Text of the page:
The Low Down On Green Living
February 18th, 2008
Installing a programmable thermostat is one of the most cost-effective ways to save energy and to cut your carbon footprint. In many parts of the country they can cut your energy bills by $100 or more a year, and as a result pay for themselves in your first heating or cooling season. They save on both heating and cooling, so there’s never a wrong time to consider an upgrade.
What are the benefits?
Programmable thermostats save energy and money in several ways. First, they automatically adjust your home’s temperature so that you aren’t over-heating (or cooling) when you’re away from home or asleep. The savings are greatest when there’s no-one home during the day and you can lower the temperature, but they’ll still save at night even if someone is at home. Second, certain models can operate your furnace in ways that maximize efficiency. Finally, some models notify you when your furnace filters need replacing, or when there are malfunctions with your furnace.
Can I Do It Myself?
First, before we get started, this is only a DIY project if you’re comfortable working with electrical wiring and can do so safely. If you have any concerns at all, it’s best to leave it to a professional!
To Do Before Buying a New Thermostat
Before you buy a thermostat, it’s important to know what type you’ll need. So, these quick tips will help you pick the right one.
- Note what type of heating system you have (boiler, furnace, radiant heating, etc), and what the fuel is (natural gas, electricity, heating oil, etc).
- Turn off the power to your thermostat at the circuit breaker.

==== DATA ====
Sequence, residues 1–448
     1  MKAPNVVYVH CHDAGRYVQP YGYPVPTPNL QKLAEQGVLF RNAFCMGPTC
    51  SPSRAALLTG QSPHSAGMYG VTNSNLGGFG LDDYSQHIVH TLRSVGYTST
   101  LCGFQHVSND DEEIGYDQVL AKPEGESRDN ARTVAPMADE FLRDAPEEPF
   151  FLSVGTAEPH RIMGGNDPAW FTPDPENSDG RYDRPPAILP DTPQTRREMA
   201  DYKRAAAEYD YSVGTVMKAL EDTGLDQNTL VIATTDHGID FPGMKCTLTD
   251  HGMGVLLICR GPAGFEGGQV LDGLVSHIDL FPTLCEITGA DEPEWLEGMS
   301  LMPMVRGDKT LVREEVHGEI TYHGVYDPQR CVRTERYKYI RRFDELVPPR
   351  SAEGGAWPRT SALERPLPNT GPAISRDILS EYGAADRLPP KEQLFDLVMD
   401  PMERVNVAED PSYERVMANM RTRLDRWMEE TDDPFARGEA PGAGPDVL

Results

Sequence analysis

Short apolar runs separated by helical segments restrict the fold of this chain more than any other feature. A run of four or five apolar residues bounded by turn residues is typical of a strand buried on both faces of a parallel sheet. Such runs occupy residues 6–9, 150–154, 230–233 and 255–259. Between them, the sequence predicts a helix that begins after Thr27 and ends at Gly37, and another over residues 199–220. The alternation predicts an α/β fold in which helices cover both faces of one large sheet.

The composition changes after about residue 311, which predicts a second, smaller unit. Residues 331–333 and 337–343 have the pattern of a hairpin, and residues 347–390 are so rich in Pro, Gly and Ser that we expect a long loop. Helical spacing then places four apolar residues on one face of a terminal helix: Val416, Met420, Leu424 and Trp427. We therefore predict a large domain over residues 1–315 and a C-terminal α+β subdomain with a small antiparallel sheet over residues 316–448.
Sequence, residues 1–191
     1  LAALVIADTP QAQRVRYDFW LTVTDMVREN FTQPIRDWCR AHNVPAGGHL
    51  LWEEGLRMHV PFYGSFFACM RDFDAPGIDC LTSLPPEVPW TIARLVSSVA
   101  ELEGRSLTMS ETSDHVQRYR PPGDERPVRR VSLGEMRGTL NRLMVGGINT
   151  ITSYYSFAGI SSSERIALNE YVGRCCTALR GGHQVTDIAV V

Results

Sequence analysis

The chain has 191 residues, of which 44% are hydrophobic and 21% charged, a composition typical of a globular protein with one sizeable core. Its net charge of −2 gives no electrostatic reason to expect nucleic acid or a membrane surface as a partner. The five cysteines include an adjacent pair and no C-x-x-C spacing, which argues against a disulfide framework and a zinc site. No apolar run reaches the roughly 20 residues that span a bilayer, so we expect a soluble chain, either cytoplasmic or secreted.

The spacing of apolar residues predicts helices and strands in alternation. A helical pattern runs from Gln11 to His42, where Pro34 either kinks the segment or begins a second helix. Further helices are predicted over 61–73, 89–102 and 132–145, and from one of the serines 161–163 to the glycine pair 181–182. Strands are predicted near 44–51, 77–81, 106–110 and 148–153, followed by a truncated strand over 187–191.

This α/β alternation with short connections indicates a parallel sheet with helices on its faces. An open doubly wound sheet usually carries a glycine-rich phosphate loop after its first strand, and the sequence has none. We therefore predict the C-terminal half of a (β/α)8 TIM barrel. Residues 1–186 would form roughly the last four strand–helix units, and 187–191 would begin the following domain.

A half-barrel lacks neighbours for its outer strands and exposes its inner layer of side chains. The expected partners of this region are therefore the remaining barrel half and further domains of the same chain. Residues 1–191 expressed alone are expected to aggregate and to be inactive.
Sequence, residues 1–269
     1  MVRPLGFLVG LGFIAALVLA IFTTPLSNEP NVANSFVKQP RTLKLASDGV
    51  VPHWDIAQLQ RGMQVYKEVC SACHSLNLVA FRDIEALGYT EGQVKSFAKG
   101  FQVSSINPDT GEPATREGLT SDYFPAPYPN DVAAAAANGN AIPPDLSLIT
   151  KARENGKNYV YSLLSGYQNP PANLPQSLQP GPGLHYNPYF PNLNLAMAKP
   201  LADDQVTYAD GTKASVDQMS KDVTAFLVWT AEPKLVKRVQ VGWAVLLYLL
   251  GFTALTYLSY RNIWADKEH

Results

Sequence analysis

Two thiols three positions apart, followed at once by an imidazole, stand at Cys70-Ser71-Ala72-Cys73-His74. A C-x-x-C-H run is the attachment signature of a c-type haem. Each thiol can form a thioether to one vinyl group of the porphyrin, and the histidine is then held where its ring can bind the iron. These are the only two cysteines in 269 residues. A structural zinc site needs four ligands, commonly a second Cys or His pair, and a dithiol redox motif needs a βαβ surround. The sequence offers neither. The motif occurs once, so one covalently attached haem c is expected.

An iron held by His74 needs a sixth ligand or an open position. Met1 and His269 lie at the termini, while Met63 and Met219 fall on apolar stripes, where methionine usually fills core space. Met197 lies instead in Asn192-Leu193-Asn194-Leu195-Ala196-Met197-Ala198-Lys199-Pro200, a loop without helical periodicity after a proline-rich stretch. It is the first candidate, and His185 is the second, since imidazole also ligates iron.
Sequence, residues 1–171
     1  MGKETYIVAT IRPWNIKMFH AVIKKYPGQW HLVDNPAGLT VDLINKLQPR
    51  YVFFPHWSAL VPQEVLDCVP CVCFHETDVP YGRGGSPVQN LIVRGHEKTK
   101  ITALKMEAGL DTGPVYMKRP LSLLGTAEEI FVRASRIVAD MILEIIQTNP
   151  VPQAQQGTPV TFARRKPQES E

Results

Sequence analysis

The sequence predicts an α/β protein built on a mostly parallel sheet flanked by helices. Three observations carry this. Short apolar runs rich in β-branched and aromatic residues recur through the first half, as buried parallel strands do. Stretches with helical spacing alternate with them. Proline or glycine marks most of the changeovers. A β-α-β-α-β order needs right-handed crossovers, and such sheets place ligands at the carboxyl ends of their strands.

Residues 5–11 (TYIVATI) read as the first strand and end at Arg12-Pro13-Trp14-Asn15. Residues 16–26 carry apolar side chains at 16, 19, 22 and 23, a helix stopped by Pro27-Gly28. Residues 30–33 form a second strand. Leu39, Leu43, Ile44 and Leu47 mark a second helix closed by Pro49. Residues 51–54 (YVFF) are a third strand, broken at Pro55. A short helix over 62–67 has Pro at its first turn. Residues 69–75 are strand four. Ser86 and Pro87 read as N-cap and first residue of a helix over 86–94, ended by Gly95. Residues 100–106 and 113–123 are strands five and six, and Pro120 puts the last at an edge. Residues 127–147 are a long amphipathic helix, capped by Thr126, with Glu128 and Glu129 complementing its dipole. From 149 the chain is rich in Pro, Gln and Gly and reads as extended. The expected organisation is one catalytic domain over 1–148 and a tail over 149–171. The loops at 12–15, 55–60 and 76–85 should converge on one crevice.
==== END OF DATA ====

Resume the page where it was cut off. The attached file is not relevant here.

- Remove your existing thermostat, and investigate how many wires are connected to the back. There could be anywhere between 2 and 10. Don’t disconnect them yet! Also, most thermostats are low-voltage and will have small wires. If you have electric resistance heating (baseboard, for example), you might have a line voltage thermostat. This will have heavier wires attached, and the wires will likely be connected in an electrical box behind the thermostat using heavy wire nuts.
- Purchase a thermostat that meets your needs:
+ Low or line voltage?
+ Right number of connecting wires?
+ Works for heating, cooling or both?
+ Can be programmed to fit your lifestyle - different program every day (7-day programming), weekday + two weekend day programming (5-1-1 programming) or weekday + weekend only (5-2 programming).
You can see a few versions that we recommend here.
Replacing your existing thermostat
- Once again, MAKE SURE you’ve turned the breaker for the furnace circuit off at the electrical panel.
- Unscrew the old thermostat from the wall, but don’t remove the wires yet.
- Using either masking tape or the labels that come with your new thermostat, write the letter on the old thermostat that the wire corresponds to and place the tape or label around the wire. Make sure that the wires don’t fall into the wall when you remove them.
- Most thermostats come in two parts, a wall plate that screws onto the wall and the main thermostat unit that plugs into the wall plate. Mount the wall plate to the electrical box that remains from the old thermostat. Pass the wires through the hole in the mounting plate.
- Connect the wires to the terminals that correspond to the letters on the wires.
- Install batteries in the new thermostat unit. If your model allows for it, program the date, time and scheduling (based on your model’s instructions) before attaching it to the wall. Otherwise, attach the unit as shown in the instructions and complete the programming. Programming may seem complex to begin with, so make sure you follow the directions closely. With a little practice, though, adjusting the programs will be a snap.
- Turn the power to the furnace circuit back on at your electrical panel. Test the new thermostat and make sure it operates your HVAC equipment as expected.
That’s it - you’re now well on your way to lower energy bills, a smaller carbon footprint, and a more comfortable home!
I’ve actually found the websites of several big thermostat manufacturers to be very helpful. Honeywell has this entire section for do-it-yourself thermostats. Aube has information about thermostats organized by heating / cooling type. Click on the relevant model using the menu on the left side of the page, and then you can download the installation and operating instructions before you purchase.
Please let us know if you have any additional tips or tricks by leaving comments below.
Popularity: 2% [?]